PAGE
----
Today, some 56% of the world’s population live in cities. East Asia and the Pacific notably being the world’s most rapidly urbanizing region, with an average annual urbanization rate of 3 percent. As more people live in cities, more urban dwellers will be affected by natural hazards while the frequency and severity of natural disasters increases. On the other hand, high risk can also be accompanied by low vulnerability when paired with the right environment. Cities could be one of the safer places to live in when a disaster strikes with much higher levels of access to services, infrastructure, technology, and information than in rural areas. Being the forefront of the technology industry, the city infrastructures enable risk monitoring, sharing information with the public, gathering data contributions to DRR and resilience programs is increasingly valuable in response. This presents a huge opportunity to explore new and innovative technology platforms, apps and other innovations with urban dwellers.

This parallel session on “Emerging Technologies and Transdisciplinary Approach Towards Strengthening Risk-informed Urban Resilience” will provide a unique opportunity to better understand risk-informed urban development using Trans-Disciplinary Approaches (TDA) and the role of technology-based data-gathering required for resilience planning focusing on risk communication to promote All-of-Society towards effective Disaster Risk Reduction (DRR). In this event, we will hear the importance of transdisciplinary approaches and how innovative technology is supporting cities and vice-versa to address urban challenges and systemic risk, with a specific focus on data gathering and its effective application to strengthen urban resilience, Build Resilience Community (BRC) and facilitate humanitarian nexus in disaster recovery. We will also explore ways to create synergies between technological innovation and approach in urban planning processes towards a risk-informed society by developing strategic foresight for transformational change. Case studies will be drawn from Asia Pacific countries with experience of using information and data gathered in innovative ways to foster DRR, including best practices from impact-based Multi-hazard Early Warning System, Living Labs, localizations, and advanced technology for digital platforms to support decision-making processes.

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Leveraging digital innovation for sustainable urban development
Room 301, 3rd Floor

Organizers: ESCAP, UN-Habitat, Seedstars & UCLG-ASPAC

Asia and the Pacific is home to some of the world’s most populous cities and diverse countries, creating a vast market for digital products and services. The region has experienced significant economic growth leading to the expansion of the middle class. Many countries in the region have invested heavily in building advanced technological infrastructure, including high-speed internet, mobile networks and data centers. Several governments in the region have implemented policies and initiatives to encourage digital innovation, including funding for start-ups and regulatory frameworks to support tech companies and incentives for research and development. The region has also seen rapid growth in e-commerce platforms and digital payment systems. These factors collectively contribute to the emergence of Asia-Pacific as a regional hub for digital innovation, with potential to contribute towards continued growth and sustainable development. There are opportunities to find smart solutions to address the urbanization and climate change challenges experienced in cities including congestion, pollution, waste management, and environmental degradation.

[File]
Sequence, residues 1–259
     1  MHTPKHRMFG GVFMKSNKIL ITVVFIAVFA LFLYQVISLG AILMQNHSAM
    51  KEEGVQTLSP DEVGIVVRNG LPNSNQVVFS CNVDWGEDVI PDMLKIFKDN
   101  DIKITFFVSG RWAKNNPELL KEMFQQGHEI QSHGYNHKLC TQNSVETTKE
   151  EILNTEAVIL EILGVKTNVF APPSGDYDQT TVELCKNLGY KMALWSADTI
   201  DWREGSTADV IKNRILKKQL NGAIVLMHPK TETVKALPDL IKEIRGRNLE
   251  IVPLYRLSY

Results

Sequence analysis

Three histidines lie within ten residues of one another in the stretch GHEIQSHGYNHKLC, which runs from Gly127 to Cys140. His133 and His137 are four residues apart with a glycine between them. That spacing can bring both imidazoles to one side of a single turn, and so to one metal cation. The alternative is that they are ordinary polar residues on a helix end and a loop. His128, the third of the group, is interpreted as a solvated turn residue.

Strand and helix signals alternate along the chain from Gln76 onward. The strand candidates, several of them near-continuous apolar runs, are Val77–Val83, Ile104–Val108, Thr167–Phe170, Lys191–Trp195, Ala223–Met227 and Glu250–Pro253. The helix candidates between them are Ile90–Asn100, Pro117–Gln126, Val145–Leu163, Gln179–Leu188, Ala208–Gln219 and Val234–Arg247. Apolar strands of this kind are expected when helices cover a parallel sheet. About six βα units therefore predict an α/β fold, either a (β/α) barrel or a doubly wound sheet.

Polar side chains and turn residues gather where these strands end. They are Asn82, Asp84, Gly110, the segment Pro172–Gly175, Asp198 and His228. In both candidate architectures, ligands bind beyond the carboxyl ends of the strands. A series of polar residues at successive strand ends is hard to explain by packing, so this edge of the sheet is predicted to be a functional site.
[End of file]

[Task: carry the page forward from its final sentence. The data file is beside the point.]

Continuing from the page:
Smart cities can boost economic growth, promote sustainability, enhance the quality of life for residents, and improve the efficiency of public services, transport and infrastructure. With the region being home to more than half of the world's urban population, smart cities have the potential to transform the Asia-Pacific region by unlocking new opportunities for growth and development while making cities more livable and competitive in the global market. With these opportunities and challenges in mind, there is a time-bound window of opportunity for policymakers in Asia and the Pacific to leverage innovations that are driven by new digital technologies in the most productive and inclusive ways possible for accelerating the achievement of the Sustainable Development Goals by 2030.

Through the Smart Cities Innovation Lab (SCIL) project ESCAP has been collaborating with Seedstars, Syntao and United Cities and Local Governments of Asia Pacific (UCLG-ASPAC) and the three pilot cities  (Chiang Mai, Sihanoukville and Surabaya).  The overall objective of the SCIL is to contribute to enhancing the innovation ecosystem in Asia–Pacific by bringing together cities, start-ups, and large technology companies and development actors to work together to implement and scale up technology solutions for sustainable urban development. Through the SCIL project startups with innovative solutions  to support sustainable development have been selected to support the three city pilots. This parallel session contributes to the Community of Practice, under the SCIL with the objective of drawing in strategic stakeholders from public and private sectors, academic institutions, development and civil society organizations to get together to share best practices, emerging innovations, and lessons learned from across the region and globally. 

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Innovate4Cities Marketplace: Accelerating SDG progress through the City Research and Innovation Agenda
Room 403, 4th floor

Organizers: Global Covenant of Mayors for Climate and Energy, ICLEI Korea, UN Habitat  and Melbourne Centre for Cities (University of Melbourne).